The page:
Source : https://www.contemporarypediatrics.com/view/case-3-12-year-old-female-with-atopic-dermatitis


Discussion: "Here we have a 12-year-old female patient who presented to her dermatologist with dry, itchy patches on her arms and legs...Since her diagnosis 3 years ago, she stopped playing soccer and going to the pool in the summer and has been diagnosed with mild depression."

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Dr Jason Ezra Hawkes on Diagnostic Challenges, Strategies in Atopic Dermatitis

The lack of biomarkers to distinguish atopic dermatitis (AD) from other similar conditions such as psoriasis can impede diagnosis, but there are several clinical features that primary care providers and ..... see more

Source : https://www.ajmc.com/view/dr-jason-ezra-hawkes-on-diagnostic-challenges-strategies-in-atopic-dermatitis


Discussion: "Even though we know a lot about eczema, we just really don't have consistent biomarkers of disease, which makes it challenging to make a diagnosis. Sometimes it's a little trial and error, and this is one thing that we're going to have to work on over time, especially because biopsies don't distinguish consistently between eczema...

A low level of health literacy is a predictor of corticophobia in atopic dermatitis | Anais Brasileiros de Dermatologia

Introduction Methods Patients and setting Questionnaires Statistical analysis Ethics Results Discussion Conclusion Financial support Authors' contributions Conflict of interest Atopic Dermatitis (AD) is a chronic relapsing inflammatory skin disorder with ..... see more

Source : https://www.anaisdedermatologia.org.br/en-a-low-level-health-literacy-avance-S0365059622001969


Conclusion: HL had an inverse correlation with corticophobia. Lower HL was shown to be a predictor of higher corticophobia. The promotion of health literacy is essential for the correct use of TCS and good control of AD.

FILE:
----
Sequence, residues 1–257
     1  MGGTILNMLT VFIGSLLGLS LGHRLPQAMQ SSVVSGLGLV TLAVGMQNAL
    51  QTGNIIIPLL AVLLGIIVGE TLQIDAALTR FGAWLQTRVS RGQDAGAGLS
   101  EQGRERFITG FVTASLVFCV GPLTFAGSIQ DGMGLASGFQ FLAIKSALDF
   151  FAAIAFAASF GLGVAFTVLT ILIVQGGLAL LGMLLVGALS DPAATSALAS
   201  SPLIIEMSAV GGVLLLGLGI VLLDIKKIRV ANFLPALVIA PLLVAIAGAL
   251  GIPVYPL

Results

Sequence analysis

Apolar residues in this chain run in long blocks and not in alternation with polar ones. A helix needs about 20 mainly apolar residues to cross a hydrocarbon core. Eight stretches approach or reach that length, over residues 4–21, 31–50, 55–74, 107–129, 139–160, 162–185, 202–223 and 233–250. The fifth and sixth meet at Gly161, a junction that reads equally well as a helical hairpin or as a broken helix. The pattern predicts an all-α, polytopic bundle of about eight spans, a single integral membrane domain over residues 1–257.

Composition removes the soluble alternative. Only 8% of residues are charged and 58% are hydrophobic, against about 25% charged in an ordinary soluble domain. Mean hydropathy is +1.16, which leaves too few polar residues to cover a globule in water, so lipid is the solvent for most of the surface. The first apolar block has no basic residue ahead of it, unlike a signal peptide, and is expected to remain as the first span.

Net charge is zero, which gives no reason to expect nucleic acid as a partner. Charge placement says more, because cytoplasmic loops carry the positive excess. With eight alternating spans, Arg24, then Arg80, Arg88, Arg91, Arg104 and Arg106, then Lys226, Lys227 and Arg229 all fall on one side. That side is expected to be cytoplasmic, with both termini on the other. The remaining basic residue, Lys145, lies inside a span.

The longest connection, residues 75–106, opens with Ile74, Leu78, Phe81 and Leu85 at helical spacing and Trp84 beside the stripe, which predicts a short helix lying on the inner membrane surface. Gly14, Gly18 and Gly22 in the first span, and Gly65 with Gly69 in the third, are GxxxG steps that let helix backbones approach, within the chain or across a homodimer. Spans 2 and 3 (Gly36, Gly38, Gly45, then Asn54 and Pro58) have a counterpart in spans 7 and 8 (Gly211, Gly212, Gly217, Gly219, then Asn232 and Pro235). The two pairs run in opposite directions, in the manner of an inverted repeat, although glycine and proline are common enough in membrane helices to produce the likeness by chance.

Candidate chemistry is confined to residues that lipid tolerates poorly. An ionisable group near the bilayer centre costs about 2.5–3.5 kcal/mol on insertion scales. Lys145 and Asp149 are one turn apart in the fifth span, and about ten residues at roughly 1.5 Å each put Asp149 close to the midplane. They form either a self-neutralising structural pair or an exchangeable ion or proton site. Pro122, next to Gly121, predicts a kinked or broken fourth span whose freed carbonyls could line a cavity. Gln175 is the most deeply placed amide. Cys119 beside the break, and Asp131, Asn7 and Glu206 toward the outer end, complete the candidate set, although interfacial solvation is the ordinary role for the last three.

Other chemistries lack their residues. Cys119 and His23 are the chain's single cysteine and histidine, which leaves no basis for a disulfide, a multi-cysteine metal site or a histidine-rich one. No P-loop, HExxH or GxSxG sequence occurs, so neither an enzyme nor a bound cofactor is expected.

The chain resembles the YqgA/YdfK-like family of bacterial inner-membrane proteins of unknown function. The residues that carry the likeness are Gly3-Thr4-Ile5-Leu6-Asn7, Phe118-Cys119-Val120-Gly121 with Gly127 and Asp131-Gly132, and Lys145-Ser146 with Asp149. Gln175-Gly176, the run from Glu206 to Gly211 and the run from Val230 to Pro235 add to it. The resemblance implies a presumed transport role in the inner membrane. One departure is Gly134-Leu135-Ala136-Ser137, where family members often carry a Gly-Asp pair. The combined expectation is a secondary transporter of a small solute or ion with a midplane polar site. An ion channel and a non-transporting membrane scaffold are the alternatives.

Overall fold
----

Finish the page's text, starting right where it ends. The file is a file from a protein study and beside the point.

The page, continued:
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  • September 07, 2022
    Key Points • Source: Anais Brasileiros de Dermatologia • Conclusion: “The degree of corticophobia is similar to the values reported in other studies. HL [health literacy] had an inverse correlation with corticophobia. Lower HL Show More

Comorbidities Associated with Vitiligo

Jeffrey D. Dunn, PharmD, MBA: Dr King, you touched on this, but let's take a deeper dive into this as we're trying to establish the clinical consequences of vitiligo. What ..... see more

Source : https://www.ajmc.com/view/comorbidities-associated-with-vitiligo


Discussion: Autoimmune thyroid disease isn’t common, but we see more of other autoimmune skin diseases in our patients with vitiligo. Not infrequently, we see associated atopic dermatitis; eczema; alopecia areata, an autoimmune form of hair loss; or other forms of autoimmune or inflammatory skin disease.

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  • September 07, 2022
    Thanks for your wonderful input, Barbara Honig ! What do others hypothesize is the link between vitiligo and autoimmune disease? How is a Show More
  • from Dermatologist Nation September 06, 2022
    There is no question that autoimmune thyroid disease can be associated with vitiligo. But AD, AA, and psoriasis are seen much more frequently in vitiligo patients - largely because they Show More
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Investigating the association of atopic dermatitis with ischemic stroke and coronary heart disease: A mendelian randomization study